Let’s turn back the clock about a year and a half when Colin Kaepernick, the San Francisco 49ers backup quarterback, shocked the world by being the first NFL player and athlete to kneel during the national anthem. Kaepernick’s sole purpose was to express his displeasure of racial injustice and of law enforcement killing unarmed African Americans in the United States. If you’re truly passionate about an issue, is there a better way to bring attention to it than on a nationally televised game where everybody will see it? Whether it is a controversial display or not, the public is becoming “aware” of the problem in America. I'd argue that if civil rights activists, including athletes like Muhammad Ali and Jackie Robinson, watched the NFL now, they'd applaud these patriotic men.
Look at past civil rights and social activist movements. The Montgomery bus boycotts, the Freedom Riders and the Little Rock High School desegregation were all seen as controversial by the community. Of course, these movements were far more drastic in civil rights protest than NFLers kneeling during the anthem, but they serve the same meaning.
Amid the protests prior to Trump’s spectacle in Alabama, players were protesting racial injustice from law enforcement, in particular. Players of the Cleveland Browns were playing a huge role in these demonstrations, so huge that the Cleveland Police Department got involved. In what seems to be a hypocritical move, Steve Loomis, the chief of the Cleveland Police Department, announced that due to the protests, the police department wouldn’t take part in the flag-bearing ceremony. Leonard Pettis Jr. of The Seattle Times put it best about the questioning from the Cleveland Police Department and many others who object to the kneeling:
“How dare they not put a hand to their hearts? (But America steals from us, then tells us we’re thieves.)
“How dare they not well up with patriotic pride? (But America lies to us, then pretends to be fair.)
“How dare they question America? (But Tamir Rice. But Philando Castile and Freddie Gray. But Walter Scott and Levar Jones. But Charleston. But Charlottesville.)
“How dare they? America asks that question, but it never wants the answer.”
Now, I’ll give those against the NFL kneeler protests this: if NFL players truly wanted to make a statement with their fight against Trump’s remarks and racial inequality, then bring the peaceful demonstrations outside of the stadium while keeping them in. Go to the state capitol buildings, go to D.C., go to national landmarks and express your views to show the public that you are truly passionate about these issues. Also, I agree with that there should be places and events in society where we are free of politics and the division that may be created by it. This enhances our cooperation with others and progresses our nation as a whole. Yet, I am a firm believer in that when something needs to be said, say it, and do whatever it takes for people to hear what you have to say as long as you are not harming others.
The gripe I have with the kneelers is that it took this long to speak out and it took for a president to use obscene words to collectively gather. Of course, there will still be those in the NFL who don’t agree with the kneeling, which is understood. During all of the action this past month, an image went viral of Pittsburgh Steelers left tackle Alejandro Villanueva. Villanueva went out of the locker room and stood in the tunnel saluting the American flag while his team remained in the locker room to conduct their demonstration. At least to my standards, when you’re a former graduate from West Point and an Army Ranger who served three tours in Afghanistan, you can basically do anything you want and it’d be fine by me. Obviously, the flag represents something different to him than it does to other people and that shows as his jersey is the top selling in the United States since Sunday. Colin Kaepernick’s jersey is not far behind, I might add. Kaepernick has also been a free agent since the end of last season, so he’s not playing.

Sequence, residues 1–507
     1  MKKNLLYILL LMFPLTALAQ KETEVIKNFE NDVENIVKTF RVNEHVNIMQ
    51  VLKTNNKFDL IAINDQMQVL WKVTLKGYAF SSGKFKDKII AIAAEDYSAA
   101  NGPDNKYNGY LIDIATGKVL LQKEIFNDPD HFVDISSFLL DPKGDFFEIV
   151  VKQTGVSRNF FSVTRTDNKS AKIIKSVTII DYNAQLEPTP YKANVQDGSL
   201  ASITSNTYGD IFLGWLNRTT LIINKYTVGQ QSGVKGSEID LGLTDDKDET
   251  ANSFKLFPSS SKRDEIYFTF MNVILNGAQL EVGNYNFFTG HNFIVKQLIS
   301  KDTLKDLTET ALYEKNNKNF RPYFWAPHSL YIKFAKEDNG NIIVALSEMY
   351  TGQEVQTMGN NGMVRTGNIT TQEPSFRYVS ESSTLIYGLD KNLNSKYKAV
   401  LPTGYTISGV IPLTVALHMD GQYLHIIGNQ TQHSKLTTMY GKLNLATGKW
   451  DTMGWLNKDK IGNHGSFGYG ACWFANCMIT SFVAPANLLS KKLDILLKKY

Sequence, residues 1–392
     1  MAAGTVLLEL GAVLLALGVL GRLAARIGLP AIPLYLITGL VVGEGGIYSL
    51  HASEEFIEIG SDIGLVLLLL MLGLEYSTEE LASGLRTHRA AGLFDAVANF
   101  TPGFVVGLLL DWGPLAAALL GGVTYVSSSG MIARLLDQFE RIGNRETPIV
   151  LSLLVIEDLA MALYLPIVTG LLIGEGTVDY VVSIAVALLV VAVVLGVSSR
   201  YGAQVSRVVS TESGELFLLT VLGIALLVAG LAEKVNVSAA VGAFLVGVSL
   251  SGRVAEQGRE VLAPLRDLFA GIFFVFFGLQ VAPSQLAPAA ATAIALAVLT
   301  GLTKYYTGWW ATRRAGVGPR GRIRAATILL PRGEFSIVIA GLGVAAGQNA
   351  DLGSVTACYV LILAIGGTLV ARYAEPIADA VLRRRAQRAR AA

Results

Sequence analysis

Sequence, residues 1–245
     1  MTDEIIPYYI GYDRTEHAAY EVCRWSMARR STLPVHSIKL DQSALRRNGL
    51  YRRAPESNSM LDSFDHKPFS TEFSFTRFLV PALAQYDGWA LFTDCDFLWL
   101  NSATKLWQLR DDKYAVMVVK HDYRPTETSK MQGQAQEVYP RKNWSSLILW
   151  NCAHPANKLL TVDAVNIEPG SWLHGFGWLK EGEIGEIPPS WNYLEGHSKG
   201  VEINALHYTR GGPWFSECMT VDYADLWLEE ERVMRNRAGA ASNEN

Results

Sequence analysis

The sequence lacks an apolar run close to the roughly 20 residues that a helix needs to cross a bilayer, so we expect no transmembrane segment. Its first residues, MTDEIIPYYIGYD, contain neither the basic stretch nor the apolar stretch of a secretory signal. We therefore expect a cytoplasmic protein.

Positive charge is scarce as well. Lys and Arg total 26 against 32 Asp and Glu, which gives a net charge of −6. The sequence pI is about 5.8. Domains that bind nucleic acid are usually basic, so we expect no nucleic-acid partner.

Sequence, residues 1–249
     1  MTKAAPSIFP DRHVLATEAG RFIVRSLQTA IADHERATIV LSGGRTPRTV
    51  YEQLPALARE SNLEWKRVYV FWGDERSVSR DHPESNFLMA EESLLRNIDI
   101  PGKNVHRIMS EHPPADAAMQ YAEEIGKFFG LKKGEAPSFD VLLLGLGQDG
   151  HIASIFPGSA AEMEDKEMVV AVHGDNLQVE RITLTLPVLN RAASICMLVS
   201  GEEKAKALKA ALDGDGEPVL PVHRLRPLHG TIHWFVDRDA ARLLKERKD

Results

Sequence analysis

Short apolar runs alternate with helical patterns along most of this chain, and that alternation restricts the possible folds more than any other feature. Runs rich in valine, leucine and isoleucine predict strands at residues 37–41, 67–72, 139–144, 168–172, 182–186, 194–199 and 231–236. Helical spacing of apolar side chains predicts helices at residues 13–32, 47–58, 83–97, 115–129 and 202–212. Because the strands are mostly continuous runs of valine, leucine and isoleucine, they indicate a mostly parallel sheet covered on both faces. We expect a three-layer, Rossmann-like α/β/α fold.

We’ve seen this kneeling-during-anthem expression cross over to other professional sports. Just recently, Oakland Athletics catcher, Bruce Maxwell, became the first MLB player to demonstrate the aforementioned displeasures with government, and just imagine, how moving (or disrupting depending on who I am talking to) of a scene would it be to see athletes on their podiums at the Olympics making a demonstration while being showered with roses and their nation’s anthem. It would be reminiscent of the 1968 Olympics in Mexico City where American athletes Tommie Smith and John Carlos conducted their Black Power salute.
What’s next for the NFL demonstrations? Well I predict that they slowly fade away, at least the collective ones against Trump’s comments. The reaction to Trump’s cursing and condemning have already been made. The opposition has made their resounding voice heard which will influence some owners to prohibit any further demonstrations against Trump’s remarks, I presume.
Just recently, Dallas Cowboys Owner Jerry Jones made his feelings on the topic known: “If there’s anything that is disrespectful to the flag, then we will not play,” said Jones, after the Cowboys’ 35-31 loss to the Green Bay Packers. Will Jones follow through on this if his stars – quarterback Dak Prescott, running back Ezekiel Elliott or wide receiver Dez Bryant – decide to kneel during the anthem? By referencing past team-related issues, it will be Jones’ way or the highway. Labor unions have filed complaints, stating that Jones has violated the National Relations Labor Act. Is Jones even allowed to do this? Well, NFL Commissioner Roger Goodell seems to be rather complacent on Jones’ new policy, so it looks like it will go uncontested. Keep an eye on those five minutes before kickoff, however— it will be an interesting scenario if kneeling takes place in Dallas.
As we can see, the flag is interpreted differently by many people and they have a right to those interpretations.
I’d like to see more join in on the demonstration to stand for the original message of kneeling: racial injustice/inequality and the fight against police brutality.
Football, the fight for equality, and the First Amendment in action: How much more American can you get?
The views in this editorial reflect the views of the author and do not necessarily reflect the views of East County Magazine. To submit an editorial for consideration, contact firstname.lastname@example.org.